HUD and Philadelphia-area Borough Settle Allegations of Housing Discrimination Against Victims of Domestic Violence
It's National Domestic Violence Awareness Month. As the National Network to End Domestic Violence says, "Domestic violence thrives when we are silent; but if we take a stand and work together, we can end domestic violence." Part of working together means shining a spotlight on policy changes, enforcement, and agreements that help victims of domestic violence stay safe or move forward. To that end, we're sharing today's press release from the US Department of Housing and Urban Development on its conciliation agreement with Norristown, PA. Read on to learn how those facing domestic violence may be protected from eviction thanks to the agreement.
The U.S. Department of Housing and Urban Development (HUD) announced today that is has reached a Conciliation Agreement with Norristown, Pennsylvania, settling allegations that the municipality violated the Fair Housing Act when it enacted ordinances that held landlords responsible for evicting tenants cited for "disorderly behavior," including domestic violence incidents, or risk being fined or losing their rental license. Norristown's City Council subsequently repealed the original law but passed a similar ordinance that same day which called for charging landlords mounting fines for tenants that display disruptive behavior.
The Fair Housing Act makes it unlawful to evict an individual because of race, color, national origin, religion, sex, disability, or familial status. In addition, the Violence Against Women Act provides legal protections for victims of domestic violence, including protections against eviction in certain cases.
"It's discriminatory to deny housing to a woman for violence committed against her. To face discrimination, on top of domestic violence, only compounds the injustice," said Gustavo Velasquez, HUD's Assistant Secretary for Fair Housing and Equal Opportunity. "The Department will continue to educate municipalities about their responsibility to uphold laws that protect the housing rights of survivors of domestic violence."
The agreement is the result of a Secretary-initiated complaint that HUD filed alleging that Norristown discriminated against women when it enacted two similar ordinances that held landlords responsible for their tenants and encouraged them to evict tenants cited for "disorderly behavior" or risk being fined or losing their rental license. Several tenants were cited for disorderly behavior that included calls to police for domestic disturbances. In one case, a female tenant was cited for disorderly behavior three times stemming from three instances when her ex-boyfriend forced his way into her unit and assaulted her. The third instance resulted in the tenant being airlifted to the hospital after being stabbed by her ex-boyfriend. The tenant's ex-boyfriend was charged with assault and other charges and incarcerated, yet the tenant received the third citation for disorderly behavior, causing Norristown officials to pressure her landlord to evict her.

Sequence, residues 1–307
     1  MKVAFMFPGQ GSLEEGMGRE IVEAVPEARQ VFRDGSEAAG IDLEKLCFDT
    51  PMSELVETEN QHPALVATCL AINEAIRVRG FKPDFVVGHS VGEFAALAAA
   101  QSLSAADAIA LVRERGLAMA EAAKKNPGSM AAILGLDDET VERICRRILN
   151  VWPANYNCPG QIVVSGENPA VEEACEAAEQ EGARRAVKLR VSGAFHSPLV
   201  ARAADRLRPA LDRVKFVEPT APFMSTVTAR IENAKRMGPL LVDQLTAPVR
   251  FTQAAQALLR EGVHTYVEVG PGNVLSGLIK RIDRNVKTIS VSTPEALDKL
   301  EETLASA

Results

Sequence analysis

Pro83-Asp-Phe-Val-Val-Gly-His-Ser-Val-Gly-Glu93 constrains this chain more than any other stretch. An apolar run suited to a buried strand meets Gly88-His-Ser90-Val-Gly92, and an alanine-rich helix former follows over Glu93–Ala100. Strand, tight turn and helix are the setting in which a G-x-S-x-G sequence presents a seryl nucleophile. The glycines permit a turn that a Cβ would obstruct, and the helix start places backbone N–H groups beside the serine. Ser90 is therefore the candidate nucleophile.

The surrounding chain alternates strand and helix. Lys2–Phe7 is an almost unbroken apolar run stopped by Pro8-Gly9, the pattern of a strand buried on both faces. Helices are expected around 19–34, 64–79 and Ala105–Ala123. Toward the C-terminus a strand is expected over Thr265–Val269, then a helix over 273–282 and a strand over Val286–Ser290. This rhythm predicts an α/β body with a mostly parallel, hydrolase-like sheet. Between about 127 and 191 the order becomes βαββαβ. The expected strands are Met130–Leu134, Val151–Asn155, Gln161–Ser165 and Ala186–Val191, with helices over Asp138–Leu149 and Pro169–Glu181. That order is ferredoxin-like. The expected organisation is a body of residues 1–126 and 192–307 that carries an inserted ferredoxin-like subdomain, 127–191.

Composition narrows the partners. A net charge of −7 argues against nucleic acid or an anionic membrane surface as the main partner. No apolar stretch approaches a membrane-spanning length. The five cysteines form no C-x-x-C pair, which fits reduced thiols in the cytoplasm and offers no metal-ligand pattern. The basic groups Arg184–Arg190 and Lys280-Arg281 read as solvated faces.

Under a settlement with the ACLU, Norristown repealed the revised ordinance, removing any potential actions against survivors of domestic violence, and paid $495,000 toward a named victim.
Under the terms of this agreement with HUD, Norristown must now publish a notice of repeal of its ordinance in the local newspaper; offer fair housing training to city and public safety officials; print and distribute a fair housing rights brochure that specifically encourages all tenants to call the police when they are in need of help; and work with a local domestic violence advocacy group to develop and promote an annual community service day or other activity to raise awareness of domestic violence.
Public and federally-funded housing providers already must comply with the Violence Against Women Act and HUD regulations that provide protection for victims of domestic violence.
Persons who believe they have experienced discrimination may file a complaint by contacting HUD's Office of Fair Housing and Equal Opportunity at (800) 669-9777 (voice) or (800) 927-9275 (TTY). Housing discrimination complaints may also be filed at www.hud.gov/fairhousing or by downloading HUD's free housing discrimination mobile application, which can be accessed through Apple devices, such as the iPhone, iPad, and iPod Touch.